Ever read a novel that’s beautifully written but horrifying, disturbing and heartbreaking, and yet so riveting that you can’t put it down, even during the very worse parts. That’s how I felt reading An Untamed State. I had all the feelings from page to page. Fear, anger, despair, anxiety, hope, relief, joy all jostled for attention as I journeyed through Roxane Gay’s tale of a young wife and mother kidnapped and held for ransom in Haiti.
Mireille Duval Jameson, is a successful lawyer and also the daughter of one the richest men in Haiti. All her life, she has only known the privilege of being rich and educated, and is more or less untouched by the poverty, corruption and lawlessness of Haiti where her parents live. During a visit to her parents her fairy tale existence comes to a brutal end when she is kidnapped by a gang of armed men in front of her husband Michael, an American, and their infant son. Held for a ransom of a million US dollars, Mireille waits for her father to pay, but it soon becomes clear that he has no intention of paying to secure her release. And so begins a series of torments and abuses that Mireille must endure at the hands of her kidnappers who despise her because of who and what she represents.
Interspersed with flashbacks to Mireille’s childhood, her meeting and subsequently marrying Michael, the birth of her son, and her relationship with her parents and in-laws; this is a story of survival, of a woman enduring the most horrific abuse. From the start Mireille is determined not to be broken by her kidnapping, but as the time wears on her father’s continues to resist paying the ransom, and her body is continually used for the depraved desires of her captors. Mireille, resorts to burying her sense of self in order to protect herself and the people she holds dear. By making herself ‘nothing’, it’s not really her being abused, but just a body. The latter part of the novel is about her journey to find her way back to the person she was, after being released, while questioning if that person even exists any more.
An Untamed State is a powerful novel about the sins of a father, the silence of a mother, the unquestioning love of a daughter, the love bond between a husband and wife, how this terrible event calls into question the dyanamics of these key relationships. Undoubtably Mireille is the person who suffers the most, but Gay, goes to great lengths to give voice to the experiences of the supporting characters, especially the two men in her life. Mireille’s husband Michael is rendered helpless because he’s in a country where as an outsider he has no voice, and most tellingly no power (no doubt frustrating for a white man used to the privilege of getting what he wants), as he has to rely on others and their willingness to help find Mireille and secure her release. Mireille’s father’s strange resistance to paying the ransom is frightening, considering the lengths he would go to remain true to his principles and the price he is willing to pay – Mireille’s life. Once seen as a tower of imposing strength like the buildings he constructs, by novel’s end, he is but an empty shell of what he once pretended to be, with his so-called ‘principles’ still weighing heavily upon him. Reading a novel such as this, it’s hard to see where salvation and ultimately justice might come from. But it does, from the most unlikely source – I certainly didn’t see it coming – and in the most powerful and beautiful way, and in doing so an element of Mireille’s past comes full circle.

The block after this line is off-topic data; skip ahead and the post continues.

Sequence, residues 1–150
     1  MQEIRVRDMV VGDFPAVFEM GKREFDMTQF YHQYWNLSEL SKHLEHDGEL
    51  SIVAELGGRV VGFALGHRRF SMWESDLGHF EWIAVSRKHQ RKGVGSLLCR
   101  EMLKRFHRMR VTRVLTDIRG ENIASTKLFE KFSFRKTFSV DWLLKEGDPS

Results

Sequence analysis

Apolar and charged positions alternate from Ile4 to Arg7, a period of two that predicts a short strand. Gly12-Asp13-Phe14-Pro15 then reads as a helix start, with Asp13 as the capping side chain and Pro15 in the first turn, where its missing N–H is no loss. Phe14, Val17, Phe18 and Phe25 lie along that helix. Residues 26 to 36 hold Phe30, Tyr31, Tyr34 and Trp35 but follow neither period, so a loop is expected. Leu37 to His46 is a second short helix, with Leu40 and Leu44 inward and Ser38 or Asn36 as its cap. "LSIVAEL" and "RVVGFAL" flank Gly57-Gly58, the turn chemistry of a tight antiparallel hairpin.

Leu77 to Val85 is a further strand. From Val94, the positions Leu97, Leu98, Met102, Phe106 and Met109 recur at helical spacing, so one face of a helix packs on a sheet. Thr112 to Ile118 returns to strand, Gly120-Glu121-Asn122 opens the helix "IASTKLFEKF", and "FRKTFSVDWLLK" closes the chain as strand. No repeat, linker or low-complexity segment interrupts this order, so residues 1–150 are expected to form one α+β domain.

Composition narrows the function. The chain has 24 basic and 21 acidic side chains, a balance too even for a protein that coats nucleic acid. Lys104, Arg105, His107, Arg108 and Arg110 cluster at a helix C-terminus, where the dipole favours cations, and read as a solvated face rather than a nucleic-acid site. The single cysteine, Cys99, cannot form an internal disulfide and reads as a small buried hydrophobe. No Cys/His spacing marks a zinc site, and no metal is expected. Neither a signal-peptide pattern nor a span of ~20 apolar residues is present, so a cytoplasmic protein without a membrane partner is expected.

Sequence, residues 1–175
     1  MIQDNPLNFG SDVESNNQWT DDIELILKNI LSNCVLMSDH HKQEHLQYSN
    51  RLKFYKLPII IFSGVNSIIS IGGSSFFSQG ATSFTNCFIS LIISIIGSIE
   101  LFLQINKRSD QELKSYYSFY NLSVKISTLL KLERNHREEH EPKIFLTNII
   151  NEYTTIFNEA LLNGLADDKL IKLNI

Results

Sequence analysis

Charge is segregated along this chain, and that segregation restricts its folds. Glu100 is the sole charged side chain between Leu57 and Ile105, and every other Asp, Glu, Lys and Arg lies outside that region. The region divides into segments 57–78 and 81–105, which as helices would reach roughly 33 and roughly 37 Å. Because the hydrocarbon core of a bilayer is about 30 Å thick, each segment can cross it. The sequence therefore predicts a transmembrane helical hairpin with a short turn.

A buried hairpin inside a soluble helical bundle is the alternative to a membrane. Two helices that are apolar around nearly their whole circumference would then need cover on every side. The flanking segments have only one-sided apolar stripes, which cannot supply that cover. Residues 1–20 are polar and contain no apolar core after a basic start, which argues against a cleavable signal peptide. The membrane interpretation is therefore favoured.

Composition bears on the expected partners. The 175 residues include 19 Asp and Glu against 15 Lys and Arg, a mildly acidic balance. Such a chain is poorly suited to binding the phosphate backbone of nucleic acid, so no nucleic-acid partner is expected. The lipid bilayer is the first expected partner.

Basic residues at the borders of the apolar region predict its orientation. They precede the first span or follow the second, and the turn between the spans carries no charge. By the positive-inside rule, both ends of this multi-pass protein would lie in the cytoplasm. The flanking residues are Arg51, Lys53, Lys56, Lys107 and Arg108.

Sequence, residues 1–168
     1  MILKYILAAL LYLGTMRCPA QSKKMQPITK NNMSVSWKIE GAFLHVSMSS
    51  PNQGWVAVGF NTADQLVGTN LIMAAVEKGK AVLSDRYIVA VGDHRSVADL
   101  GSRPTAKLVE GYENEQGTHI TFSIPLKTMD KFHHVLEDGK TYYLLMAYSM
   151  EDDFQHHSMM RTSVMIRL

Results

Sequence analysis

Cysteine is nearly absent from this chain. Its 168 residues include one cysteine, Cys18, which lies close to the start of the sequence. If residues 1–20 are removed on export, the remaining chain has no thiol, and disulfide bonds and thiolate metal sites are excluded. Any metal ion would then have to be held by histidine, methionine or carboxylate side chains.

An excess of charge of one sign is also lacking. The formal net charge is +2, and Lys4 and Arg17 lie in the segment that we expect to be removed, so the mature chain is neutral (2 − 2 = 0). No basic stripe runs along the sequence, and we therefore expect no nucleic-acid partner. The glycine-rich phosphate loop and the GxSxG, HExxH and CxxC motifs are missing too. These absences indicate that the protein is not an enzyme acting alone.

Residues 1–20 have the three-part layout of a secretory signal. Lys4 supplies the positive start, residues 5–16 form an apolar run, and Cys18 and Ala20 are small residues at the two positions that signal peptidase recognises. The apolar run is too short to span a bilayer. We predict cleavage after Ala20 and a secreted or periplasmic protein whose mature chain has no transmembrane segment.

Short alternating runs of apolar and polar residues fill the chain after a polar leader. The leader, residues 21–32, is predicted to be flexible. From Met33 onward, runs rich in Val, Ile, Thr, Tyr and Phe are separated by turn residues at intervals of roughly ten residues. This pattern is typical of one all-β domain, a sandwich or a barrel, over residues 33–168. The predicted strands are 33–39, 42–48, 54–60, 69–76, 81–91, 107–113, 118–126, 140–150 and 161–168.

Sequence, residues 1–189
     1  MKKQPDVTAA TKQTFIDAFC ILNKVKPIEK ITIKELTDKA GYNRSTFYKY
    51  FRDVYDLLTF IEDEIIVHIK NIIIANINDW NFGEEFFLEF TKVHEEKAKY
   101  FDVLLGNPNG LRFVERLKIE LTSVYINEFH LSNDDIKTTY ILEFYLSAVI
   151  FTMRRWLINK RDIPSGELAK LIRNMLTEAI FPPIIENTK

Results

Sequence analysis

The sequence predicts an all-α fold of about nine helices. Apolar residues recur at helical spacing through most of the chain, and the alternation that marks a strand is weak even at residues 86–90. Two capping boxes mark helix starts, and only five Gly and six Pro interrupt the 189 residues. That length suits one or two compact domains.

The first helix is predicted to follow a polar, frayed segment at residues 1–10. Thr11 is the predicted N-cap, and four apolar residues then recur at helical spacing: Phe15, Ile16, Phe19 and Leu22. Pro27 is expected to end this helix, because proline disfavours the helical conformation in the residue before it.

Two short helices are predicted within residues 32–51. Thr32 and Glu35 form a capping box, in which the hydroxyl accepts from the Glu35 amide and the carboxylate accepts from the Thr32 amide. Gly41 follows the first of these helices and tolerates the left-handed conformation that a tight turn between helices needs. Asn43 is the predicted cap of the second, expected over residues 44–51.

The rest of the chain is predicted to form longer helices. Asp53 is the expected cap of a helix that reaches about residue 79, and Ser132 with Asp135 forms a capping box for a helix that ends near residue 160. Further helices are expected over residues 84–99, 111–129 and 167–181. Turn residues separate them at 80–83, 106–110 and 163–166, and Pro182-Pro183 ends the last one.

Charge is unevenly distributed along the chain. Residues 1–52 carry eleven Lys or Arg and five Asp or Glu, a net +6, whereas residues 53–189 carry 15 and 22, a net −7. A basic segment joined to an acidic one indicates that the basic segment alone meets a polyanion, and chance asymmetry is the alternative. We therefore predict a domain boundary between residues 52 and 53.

So much is explored in this novel, themes of identity, pride, privilege, the bonds that tie tightly together and are broken by betrayal but can be restored by love and forgiveness. An Untamed State sets Roxane Gay up as a formidable writer as her non-fiction writing already attests, and I look forward to reading more of her work.